Like the ominous leaf drifting from nowhere out of the sky, a warning chill fills her with sadness and presages the story’s denouement. A young, well-dressed couple appear nearby; inescapably, Miss Brill prepares to overhear, first having assigned them their romantic roles as hero and heroine fresh from his father’s yacht. Their dialogue overwhelms Miss Brill with its blatant cruelty:“No, not now,” said the girl. “Not here, I can’t.” “But why? Because of that stupid old thing at the end there?” asked the boy. “Why does she come here at all—who wants her? Why doesn’t she keep her silly old mug at home?”
The youth continues to importune her, but the girl breaks off in a fit of giggling, derisive laughter—at Miss Brill’s fur, which to the girl looks like “a fried whiting.”
The narrator then summarizes Miss Brill’s return home, commenting only that she bypasses her usual stop at the baker’s for a slice of honeycake. Back in her room, mortified like the woman in the shabby toque, she hurriedly replaces her fur in its box without looking at it; as the full shock of her rejection strikes, the narrator concludes the story in a manner reminiscent of the opening: “But when she put the lid on she thought she heard something crying.”
“Miss Brill” brings to life one of Mansfield’s many lonely women, and the reader lives through this story in the main character’s mind without the author’s making any obvious comment. As the story opens, it is a Sunday afternoon in the autumn; a chill is in the air. In her room, Miss Brill, a lonely English teacher, prepares to go as usual to the Public Gardens in what appears to be a French city. She happily unpacks the fur she will wear for the first time this season, a piece that includes the head of a small animal, perhaps a fox. Miss Brill strikes the reader as imaginative, for she pretends she hears what the dead animal is thinking after being in storage for many months. She then feels a tinge of sadness. In her introductory paragraph, Mansfield’s details evoke the fragility of Miss Brill’s happiness.
At the Gardens, Miss Brill listens to the band play and watches the people. It is her idea of bliss. Though she yearns to talk to them, she must be content to listen. An old couple disappoints her, for they are silent; last week she heard a memorable conversation about eyeglasses—memorable to her, but trivial to the reader. Then Miss Brill takes her first step away from the superficiality of the afternoon. She reflects that most of the people she sees at the Gardens are old and strange. She hopes for their happiness.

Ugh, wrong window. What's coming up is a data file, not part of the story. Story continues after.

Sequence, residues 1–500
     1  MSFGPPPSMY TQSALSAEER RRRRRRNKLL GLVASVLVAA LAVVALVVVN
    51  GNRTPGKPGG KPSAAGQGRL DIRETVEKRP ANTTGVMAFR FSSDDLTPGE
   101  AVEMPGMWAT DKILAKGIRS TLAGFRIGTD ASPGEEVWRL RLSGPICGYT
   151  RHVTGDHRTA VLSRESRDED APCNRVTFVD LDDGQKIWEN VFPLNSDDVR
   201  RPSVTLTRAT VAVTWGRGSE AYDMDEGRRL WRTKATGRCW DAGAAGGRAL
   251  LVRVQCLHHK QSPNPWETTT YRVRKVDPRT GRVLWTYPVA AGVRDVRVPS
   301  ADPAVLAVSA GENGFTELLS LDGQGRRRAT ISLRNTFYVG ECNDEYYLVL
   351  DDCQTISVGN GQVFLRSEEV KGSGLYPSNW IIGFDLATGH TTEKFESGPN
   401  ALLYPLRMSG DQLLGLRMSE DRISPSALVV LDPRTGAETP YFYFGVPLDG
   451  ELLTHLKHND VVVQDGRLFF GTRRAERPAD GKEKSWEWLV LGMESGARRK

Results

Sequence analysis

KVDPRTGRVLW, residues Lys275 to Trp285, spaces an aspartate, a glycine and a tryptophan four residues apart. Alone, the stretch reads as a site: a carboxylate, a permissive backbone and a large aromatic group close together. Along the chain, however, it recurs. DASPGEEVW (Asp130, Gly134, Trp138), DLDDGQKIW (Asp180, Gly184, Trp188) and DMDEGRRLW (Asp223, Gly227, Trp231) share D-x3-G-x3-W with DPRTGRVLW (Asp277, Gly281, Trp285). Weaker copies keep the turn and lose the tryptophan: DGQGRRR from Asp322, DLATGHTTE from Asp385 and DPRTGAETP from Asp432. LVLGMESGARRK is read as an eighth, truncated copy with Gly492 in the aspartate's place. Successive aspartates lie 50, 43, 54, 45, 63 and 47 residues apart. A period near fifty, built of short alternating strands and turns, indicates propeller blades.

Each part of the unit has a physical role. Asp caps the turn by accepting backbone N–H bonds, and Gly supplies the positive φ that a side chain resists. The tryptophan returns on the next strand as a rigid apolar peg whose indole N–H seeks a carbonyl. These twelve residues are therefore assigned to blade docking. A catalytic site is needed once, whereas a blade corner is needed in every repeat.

In a surprise ending typical of the author, Mansfield then includes two very short paragraphs. The first points beyond the gardens to the sky and sea, as if to suggest that there is a wider world than what the reader has experienced so far. The second brings the reader back to the banality of the park, as it reproduces the sound of the band.
Miss Brill’s experience deepens. She does not simply listen; she imagines what the people she sees are saying. Mansfield employs dramatic irony when she hints that the woman who Miss Brill thinks is innocently chatting is actually a prostitute. Then Miss Brill stumbles on a kind of truth: They are all acting in a play. She (Miss Brill) is in the play too, with a role that she plays every week. Miss Brill has turned her understanding of how drama underlies public events into a consolation for her state. Even so, she knows all people are not happy. She has a vision of them all singing together.
Mansfield has artfully brought the reader to sympathize with Miss Brill as her love flows out to all she sees. Then comes a shock. A young couple, rich and in love, sit down on the end of her bench. They wonder aloud why she is sitting there, wonder who would possibly want her company, and compare her prized fur to a fried fish.
The reader has lived through the story within Miss Brill’s mind. Now Mansfield backs away and asks the reader to imagine what this shock is like. Miss Brill silently goes back to her lonely room. She says nothing. When she puts her prized fur piece away in its box, she imagines she hears a cry. Her imagination has projected her own sorrow. The dead, unfashionable fox has become a symbol to her of her own life, and a symbol to the reader as well.
“Miss Brill” is a typical Mansfield story in that it has little action. It dwells in the mind of a lonely person, as she deepens her understanding and receives a shock. The reader is drawn into sympathy with the brave, sad, central character.